Posts Tagged ‘set mining’

Set-mining tips – how to do it and not lose money

January 20, 2011 3 comments

You are set-mining when you call pre-flop holding a low pocket pair (22, 33, 44 and 55), with the intention of hitting a set on the flop.

Set-mining can be really profitable, but it can also have a huge negative impact on your bankroll if done incorrectly.

Let’s me make one thing clear: your chances of hitting a set are 1:8.5. And even when you DO catch it, you have absolutely no guarantee that your opponent will pay you off (in fact, most of the time he will simply fold to your first bet).  Therefore, the key to proper set-mining is to have an idea of what you can do if you DON’T hit your set.

Here are 11 of the most important things to keep in mind when deciding whether to set-mine:

1) Calling with the intention to set-mine is always a better idea when you have better position relative to the pre-flop raiser. Position makes it easier for you to play post-flop even if you don’t hit your set;  since he is acting before you, you will gain valuable information regarding his hand and will have a much easier time bluffing him (or simply calling down) with your pocket pair without even hitting a set.

2) It is always more profitable to set-mine when another player has already called the original raise. The more people go with you to the flop, the more likely you are to extract money if you hit a set.

3) always make sure that both you and the pre-flop raiser have at least full stacks (or very close to it). If you or your opponent for some reason have 70 big blinds, for example, you are not getting  good pot odds to set-mine.

4) Do not set-mine if there are aggressive players left to act behind you. Aggressive players like to re-raise pre-flop a lot, especially if someone has already called the original raiser (this is called a squeeze). If you do call with the intention of set-mining and an aggressive player re-raises, you will have to fold, and will lose everything you’ve invested in the hand without ever having reached the flop.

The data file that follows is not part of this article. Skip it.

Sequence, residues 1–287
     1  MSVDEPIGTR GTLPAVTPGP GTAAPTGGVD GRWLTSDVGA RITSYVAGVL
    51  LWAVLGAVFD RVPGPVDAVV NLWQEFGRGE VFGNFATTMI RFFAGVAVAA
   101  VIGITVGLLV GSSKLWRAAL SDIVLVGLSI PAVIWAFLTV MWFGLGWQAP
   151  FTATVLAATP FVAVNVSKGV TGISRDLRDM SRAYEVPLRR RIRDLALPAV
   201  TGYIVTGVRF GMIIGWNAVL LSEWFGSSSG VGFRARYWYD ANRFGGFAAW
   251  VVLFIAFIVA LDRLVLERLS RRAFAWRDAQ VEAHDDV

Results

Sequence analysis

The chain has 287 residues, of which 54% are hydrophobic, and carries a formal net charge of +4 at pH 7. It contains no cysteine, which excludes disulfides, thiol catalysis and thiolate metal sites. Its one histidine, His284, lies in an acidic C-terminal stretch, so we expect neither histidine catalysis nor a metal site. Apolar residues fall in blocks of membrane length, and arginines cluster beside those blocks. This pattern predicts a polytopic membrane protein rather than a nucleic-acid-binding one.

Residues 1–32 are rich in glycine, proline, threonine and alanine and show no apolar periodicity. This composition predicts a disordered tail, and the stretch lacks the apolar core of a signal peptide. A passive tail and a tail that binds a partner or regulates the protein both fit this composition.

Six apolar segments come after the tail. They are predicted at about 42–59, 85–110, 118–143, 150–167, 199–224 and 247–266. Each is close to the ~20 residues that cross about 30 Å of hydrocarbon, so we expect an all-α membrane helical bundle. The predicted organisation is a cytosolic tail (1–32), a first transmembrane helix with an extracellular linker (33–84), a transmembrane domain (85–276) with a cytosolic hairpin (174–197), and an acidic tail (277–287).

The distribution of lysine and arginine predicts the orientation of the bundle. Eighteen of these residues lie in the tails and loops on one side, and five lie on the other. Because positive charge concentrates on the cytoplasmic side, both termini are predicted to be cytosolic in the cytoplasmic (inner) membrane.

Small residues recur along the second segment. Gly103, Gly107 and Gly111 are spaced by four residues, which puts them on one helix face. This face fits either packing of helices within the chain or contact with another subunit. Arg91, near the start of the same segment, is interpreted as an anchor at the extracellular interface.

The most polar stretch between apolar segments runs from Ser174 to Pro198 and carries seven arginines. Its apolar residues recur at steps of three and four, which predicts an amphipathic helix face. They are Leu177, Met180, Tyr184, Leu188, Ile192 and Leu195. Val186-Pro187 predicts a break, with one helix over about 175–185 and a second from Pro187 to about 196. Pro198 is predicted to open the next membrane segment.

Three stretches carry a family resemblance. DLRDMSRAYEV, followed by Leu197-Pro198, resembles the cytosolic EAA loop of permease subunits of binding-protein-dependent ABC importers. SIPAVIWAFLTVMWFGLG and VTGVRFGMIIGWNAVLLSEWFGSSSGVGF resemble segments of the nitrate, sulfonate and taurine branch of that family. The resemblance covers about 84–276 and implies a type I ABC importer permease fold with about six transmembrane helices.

5) It is not profitable to set-mine if the original raiser is an aggressive player, either. Aggressive players, as the name suggests, like to raise a lot, even when they don’t really have a hand. Therefore you are t very unlikely to extract too much money from him when you hit your set. He will probably do a continuation bet on the flop, and will fold to any signs of strength on your part. It might be a better idea to re-raise an aggressive player with a pocket pair (more on that further below).

6) Set-mining when you are out of position should be done almost exclusively in spots where it is a multi-way pot (more than two players total going to the flop), and/or when you and the original raiser have at least 160 big blinds each (this will maximize your winnings in the events that you actually do hit a set and your opponent gives away his stack).

7) Do not cal pre-flop re-raises with the intention to set mine, unless both you and the re-raiser have at least 220 big blinds (2,2 x buy-ins), or unless you have reason to believe you can push him off his hand on most flops. If you are a beginner though, you most likely won’t have this knowledge. If you do, props for you 🙂